Letter to the Editors

Dan Georgakas

I WAS PUZZLED by aspects of your account of a new book titled Finally Got the News in ATC 193. Although the book’s focus is on printed matter and images of the 1970s, I am troubled that neither the interviewer nor the interviewee spoke of the famed film of the same name (released in 1970) that celebrated the views of the League of Revolutionary Black Workers.

I believe the slogan “Finally Got the News How Your Dues Are Being Used” which is featured in the film was originated by General Baker, a leader of the League. The film is currently available as a DVD issued by Icarus films.

The League itself is never mentioned even though there is reference to a Maoist faction that developed in the League. Also mentioned was the Black Workers Congress, a League project whose first president was Mike Hamlin, one of the League’s leaders.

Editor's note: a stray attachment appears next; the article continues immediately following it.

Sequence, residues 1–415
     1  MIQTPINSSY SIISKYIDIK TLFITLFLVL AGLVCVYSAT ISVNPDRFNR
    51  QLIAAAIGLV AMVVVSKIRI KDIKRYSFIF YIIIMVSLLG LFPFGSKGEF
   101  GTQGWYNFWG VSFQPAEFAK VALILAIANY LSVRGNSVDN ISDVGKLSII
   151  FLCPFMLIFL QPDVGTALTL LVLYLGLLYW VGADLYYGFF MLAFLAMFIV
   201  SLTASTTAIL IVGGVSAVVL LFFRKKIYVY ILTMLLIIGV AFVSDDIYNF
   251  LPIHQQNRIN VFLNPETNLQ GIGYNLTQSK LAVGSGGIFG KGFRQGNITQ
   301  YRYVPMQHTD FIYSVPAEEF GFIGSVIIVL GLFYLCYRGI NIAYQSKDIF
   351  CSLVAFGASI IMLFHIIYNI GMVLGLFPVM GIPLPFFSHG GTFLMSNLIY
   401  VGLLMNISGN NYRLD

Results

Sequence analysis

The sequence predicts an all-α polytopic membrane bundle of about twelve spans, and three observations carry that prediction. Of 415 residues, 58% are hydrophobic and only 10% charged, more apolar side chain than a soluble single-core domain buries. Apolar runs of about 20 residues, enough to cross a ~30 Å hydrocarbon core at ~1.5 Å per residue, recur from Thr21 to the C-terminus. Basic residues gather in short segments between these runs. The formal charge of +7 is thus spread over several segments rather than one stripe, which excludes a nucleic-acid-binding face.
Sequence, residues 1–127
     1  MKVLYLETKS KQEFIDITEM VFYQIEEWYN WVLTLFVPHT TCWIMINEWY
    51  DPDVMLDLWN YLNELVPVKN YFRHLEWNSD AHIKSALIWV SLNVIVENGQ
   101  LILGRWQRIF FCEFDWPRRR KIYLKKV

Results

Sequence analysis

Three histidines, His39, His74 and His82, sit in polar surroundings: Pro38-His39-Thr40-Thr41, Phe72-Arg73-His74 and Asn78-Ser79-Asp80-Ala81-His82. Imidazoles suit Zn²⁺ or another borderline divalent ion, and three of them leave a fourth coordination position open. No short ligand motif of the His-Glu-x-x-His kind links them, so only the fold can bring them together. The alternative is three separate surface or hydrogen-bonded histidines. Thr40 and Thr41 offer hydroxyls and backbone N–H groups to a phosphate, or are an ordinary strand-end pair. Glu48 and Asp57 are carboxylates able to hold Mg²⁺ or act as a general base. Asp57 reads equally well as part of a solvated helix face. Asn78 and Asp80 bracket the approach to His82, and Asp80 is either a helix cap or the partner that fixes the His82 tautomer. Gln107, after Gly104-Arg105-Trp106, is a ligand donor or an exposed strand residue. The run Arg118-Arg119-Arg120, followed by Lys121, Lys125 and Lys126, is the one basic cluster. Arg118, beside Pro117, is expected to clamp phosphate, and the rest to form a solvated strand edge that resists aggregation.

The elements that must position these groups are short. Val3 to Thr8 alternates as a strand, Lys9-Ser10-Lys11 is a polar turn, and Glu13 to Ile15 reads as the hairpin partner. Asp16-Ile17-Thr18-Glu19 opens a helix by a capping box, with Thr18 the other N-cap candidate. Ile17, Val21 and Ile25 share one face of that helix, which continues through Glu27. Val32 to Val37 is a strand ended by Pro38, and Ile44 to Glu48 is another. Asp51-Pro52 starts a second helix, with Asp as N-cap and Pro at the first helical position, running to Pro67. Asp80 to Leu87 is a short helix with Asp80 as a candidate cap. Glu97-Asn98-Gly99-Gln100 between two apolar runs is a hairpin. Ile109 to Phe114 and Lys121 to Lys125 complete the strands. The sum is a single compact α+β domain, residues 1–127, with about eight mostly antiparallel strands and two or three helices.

No mention was made of the widely quoted masthead (“one class conscious worker equals one hundred students”) of the daily newspaper controlled by the League between 1968-1969. Black nationalist formations in Detroit are discussed but not the well-known Black Madonna painting created in 1967 by Glanton Dowdell, who became a League stalwart and later represented the organization in Sweden.

I realize the focus of the book and the related exhibition is printed matter of a specific time period, but I am disheartened that pertinent political and artistic seeds that directly fed that period have been neglected.

July-August 2018, ATC 195